The risk of living along the deadliest coastline in State

Along the riskiest Kothi coastline is the tile-thatched house of N.V. Jerseena, 32. She lives in a packed fishermen colony whose bordering seawall gets pounded by mighty sea waves.

Hers is among the 41 families here that are forced to live a minimal life so that they do not lose much to the vagaries of the sea.

In Kerala’s northern coast, Kozhikode is most vulnerable to sea erosion with 2,709 families living under the threat now. While the district has lost about 80 metres of coast to the sea, just 273 of the affected families are willing to relocate.

“Moving to a remote place where land is costly is impossible for us. It is also tough to travel from such locations to harbours with the fish implements,” says K.V. Basheer, a fisherman from Nainamvalappu, an area that has been badly hit. He says the offers from the government are hardly attractive for a sudden shift. 

The sentiment is almost the same in Malappuram district where there are 1,806 families settled along the riskiest coastline. So far only 157 families have accepted the State government’s aid for relocation. Though 1,143 families are willing for the same, it may take several years to fulfil their dream.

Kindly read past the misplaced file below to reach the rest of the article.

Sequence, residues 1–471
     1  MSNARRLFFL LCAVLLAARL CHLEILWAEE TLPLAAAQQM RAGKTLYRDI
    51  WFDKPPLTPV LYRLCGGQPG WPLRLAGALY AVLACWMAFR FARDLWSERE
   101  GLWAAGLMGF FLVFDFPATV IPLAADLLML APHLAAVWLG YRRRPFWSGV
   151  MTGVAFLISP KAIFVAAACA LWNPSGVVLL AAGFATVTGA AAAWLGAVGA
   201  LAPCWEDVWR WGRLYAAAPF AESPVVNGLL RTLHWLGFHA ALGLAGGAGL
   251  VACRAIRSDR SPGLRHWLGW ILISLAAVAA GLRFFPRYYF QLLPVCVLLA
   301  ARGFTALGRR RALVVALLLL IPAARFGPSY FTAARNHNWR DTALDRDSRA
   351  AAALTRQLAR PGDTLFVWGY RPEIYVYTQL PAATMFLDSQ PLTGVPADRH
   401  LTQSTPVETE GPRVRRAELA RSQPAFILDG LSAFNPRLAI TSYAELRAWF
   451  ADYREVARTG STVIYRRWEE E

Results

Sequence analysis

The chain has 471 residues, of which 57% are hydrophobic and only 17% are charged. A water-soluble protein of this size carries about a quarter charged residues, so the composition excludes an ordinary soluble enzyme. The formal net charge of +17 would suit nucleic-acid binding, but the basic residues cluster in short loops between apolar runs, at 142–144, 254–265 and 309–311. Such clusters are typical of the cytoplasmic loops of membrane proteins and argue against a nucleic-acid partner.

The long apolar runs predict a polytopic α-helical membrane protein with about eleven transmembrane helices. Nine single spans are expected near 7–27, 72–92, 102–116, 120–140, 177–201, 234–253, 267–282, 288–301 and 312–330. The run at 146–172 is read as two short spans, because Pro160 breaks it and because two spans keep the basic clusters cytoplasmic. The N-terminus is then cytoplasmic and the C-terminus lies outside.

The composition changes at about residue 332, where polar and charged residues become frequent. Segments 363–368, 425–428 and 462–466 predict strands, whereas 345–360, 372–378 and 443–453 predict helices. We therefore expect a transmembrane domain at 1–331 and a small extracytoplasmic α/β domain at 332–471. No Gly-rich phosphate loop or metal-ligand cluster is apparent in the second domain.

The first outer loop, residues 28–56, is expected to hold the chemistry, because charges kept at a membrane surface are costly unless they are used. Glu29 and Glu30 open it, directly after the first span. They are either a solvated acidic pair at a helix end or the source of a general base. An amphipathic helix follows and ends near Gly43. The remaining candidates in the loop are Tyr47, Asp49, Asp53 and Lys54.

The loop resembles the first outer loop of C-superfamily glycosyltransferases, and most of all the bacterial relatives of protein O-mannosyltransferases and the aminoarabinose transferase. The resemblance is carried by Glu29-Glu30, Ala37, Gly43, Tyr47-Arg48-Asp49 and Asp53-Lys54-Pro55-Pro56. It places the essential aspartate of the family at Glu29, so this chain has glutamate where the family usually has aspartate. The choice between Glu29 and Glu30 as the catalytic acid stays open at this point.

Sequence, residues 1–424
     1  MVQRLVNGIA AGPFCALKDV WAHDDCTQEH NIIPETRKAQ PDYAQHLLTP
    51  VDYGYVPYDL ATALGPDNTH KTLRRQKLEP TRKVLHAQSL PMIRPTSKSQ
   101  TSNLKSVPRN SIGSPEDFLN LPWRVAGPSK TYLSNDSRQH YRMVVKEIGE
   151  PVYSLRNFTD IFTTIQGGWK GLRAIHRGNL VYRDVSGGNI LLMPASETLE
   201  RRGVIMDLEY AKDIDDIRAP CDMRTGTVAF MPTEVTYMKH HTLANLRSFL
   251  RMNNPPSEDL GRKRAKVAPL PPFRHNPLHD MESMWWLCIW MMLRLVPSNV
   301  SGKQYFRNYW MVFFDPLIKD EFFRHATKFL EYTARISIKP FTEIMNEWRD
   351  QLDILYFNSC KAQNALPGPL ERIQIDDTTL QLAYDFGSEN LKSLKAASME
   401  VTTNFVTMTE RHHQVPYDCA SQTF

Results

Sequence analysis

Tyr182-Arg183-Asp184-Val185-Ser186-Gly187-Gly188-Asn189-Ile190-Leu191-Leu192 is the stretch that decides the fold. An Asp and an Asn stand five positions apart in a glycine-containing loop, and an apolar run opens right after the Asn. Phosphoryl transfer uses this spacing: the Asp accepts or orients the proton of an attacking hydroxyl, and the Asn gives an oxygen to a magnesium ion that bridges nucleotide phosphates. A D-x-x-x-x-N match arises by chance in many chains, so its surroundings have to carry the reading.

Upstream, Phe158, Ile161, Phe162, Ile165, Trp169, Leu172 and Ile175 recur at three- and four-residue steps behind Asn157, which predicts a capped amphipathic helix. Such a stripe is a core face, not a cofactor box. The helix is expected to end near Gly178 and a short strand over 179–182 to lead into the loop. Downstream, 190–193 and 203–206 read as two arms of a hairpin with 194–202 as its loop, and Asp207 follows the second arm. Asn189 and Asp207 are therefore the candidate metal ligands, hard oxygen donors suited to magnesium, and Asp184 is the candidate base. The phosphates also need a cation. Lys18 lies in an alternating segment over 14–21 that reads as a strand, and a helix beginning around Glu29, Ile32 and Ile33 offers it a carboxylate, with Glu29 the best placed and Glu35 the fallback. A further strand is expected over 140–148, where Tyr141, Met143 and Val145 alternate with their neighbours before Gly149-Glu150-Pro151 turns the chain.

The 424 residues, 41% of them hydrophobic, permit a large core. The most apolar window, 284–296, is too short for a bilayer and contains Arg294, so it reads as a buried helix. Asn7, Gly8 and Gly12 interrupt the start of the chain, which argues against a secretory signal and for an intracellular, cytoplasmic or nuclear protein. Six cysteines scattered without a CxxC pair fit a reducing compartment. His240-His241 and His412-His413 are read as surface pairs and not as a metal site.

Children showing the riskiest stretch of the Kothi coastline in Kozhikode.

Children showing the riskiest stretch of the Kothi coastline in Kozhikode. | Photo Credit: K. Ragesh

“People are ready to shift if they get a convenient spot closer to the harbour,” points out P.K. Alavi, an elderly fisherman from Tanur in Malappuram. He feels many are uncomfortable with the relocation plan as they have already learnt to cope with the challenges.

In Kannur, the sea erosion threat looms over 1,583 families. Yet, only 118 families have registered their names to cooperate with the relocation plan. Only 30 houses are now under different stages of construction. 

Though the number of affected families is comparatively less in Kasaragod, there are 1,230 families in need of help. However, 540 families have already agreed to shift. Meanwhile, many picture a windfall when their land gets acquired for coastal highway projects.  

Fisheries Deputy Director P.P. Ranjini says the department has made all possible efforts to convince the reluctant families about the risk in continuing at their present locations. “They are not happy with the idea of demolishing their existing house. If they accept the package, they will have to move out from the existing land,” she points out. 

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Printable version | Jun 18, 2022 1:41:07 am |